jvp(func, inputs, v=None, create_graph=False, strict=False)¶
Function that computes the dot product between the Jacobian of the given function at the point given by the inputs and a vector
func (function) – a Python function that takes Tensor inputs and returns a tuple of Tensors or a Tensor.
inputs (tuple of Tensors or Tensor) – inputs to the function
v (tuple of Tensors or Tensor) – The vector for which the Jacobian vector product is computed. Must be the same size as the input of
func. This argument is optional when the input to
funccontains a single element and (if it is not provided) will be set as a Tensor containing a single
create_graph (bool, optional) – If
True, both the output and result will be computed in a differentiable way. Note that when
False, the result can not require gradients or be disconnected from the inputs. Defaults to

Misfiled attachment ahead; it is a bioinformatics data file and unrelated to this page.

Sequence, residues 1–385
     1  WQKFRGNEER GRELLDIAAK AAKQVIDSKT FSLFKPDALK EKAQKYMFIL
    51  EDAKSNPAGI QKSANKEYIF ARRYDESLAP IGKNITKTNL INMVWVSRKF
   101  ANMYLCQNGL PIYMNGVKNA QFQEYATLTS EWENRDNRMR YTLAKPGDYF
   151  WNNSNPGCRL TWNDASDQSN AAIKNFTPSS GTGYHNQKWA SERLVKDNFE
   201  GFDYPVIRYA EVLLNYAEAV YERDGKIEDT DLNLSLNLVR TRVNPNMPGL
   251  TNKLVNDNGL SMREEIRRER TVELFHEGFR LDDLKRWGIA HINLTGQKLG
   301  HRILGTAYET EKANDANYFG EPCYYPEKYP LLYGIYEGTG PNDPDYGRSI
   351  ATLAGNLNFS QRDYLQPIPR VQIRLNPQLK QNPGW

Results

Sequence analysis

strict (bool, optional) – If
True, an error will be raised when we detect that there exists an input such that all the outputs are independent of it. If
False, we return a Tensor of zeros as the jvp for said inputs, which is the expected mathematical value. Defaults to
- tuple with:
func_output (tuple of Tensors or Tensor): output of
jvp (tuple of Tensors or Tensor): result of the dot product with the same shape as the output.
- Return type
autograd.functional.jvpcomputes the jvp by using the backward of the backward (sometimes called the double backwards trick). This is not the most performant way of computing the jvp. Please consider using functorch’s jvp or the low-level forward-mode AD API instead.
>>> def exp_reducer(x): ... return x.exp().sum(dim=1) >>> inputs = torch.rand(4, 4) >>> v = torch.ones(4, 4) >>> jvp(exp_reducer, inputs, v) (tensor([6.3090, 4.6742, 7.9114, 8.2106]), tensor([6.3090, 4.6742, 7.9114, 8.2106]))
>>> jvp(exp_reducer, inputs, v, create_graph=True) (tensor([6.3090, 4.6742, 7.9114, 8.2106], grad_fn=<SumBackward1>), tensor([6.3090, 4.6742, 7.9114, 8.2106], grad_fn=<SqueezeBackward1>))
>>> def adder(x, y): ... return 2 * x + 3 * y >>> inputs = (torch.rand(2), torch.rand(2)) >>> v = (torch.ones(2), torch.ones(2)) >>> jvp(adder, inputs, v) (tensor([2.2399, 2.5005]), tensor([5., 5.]))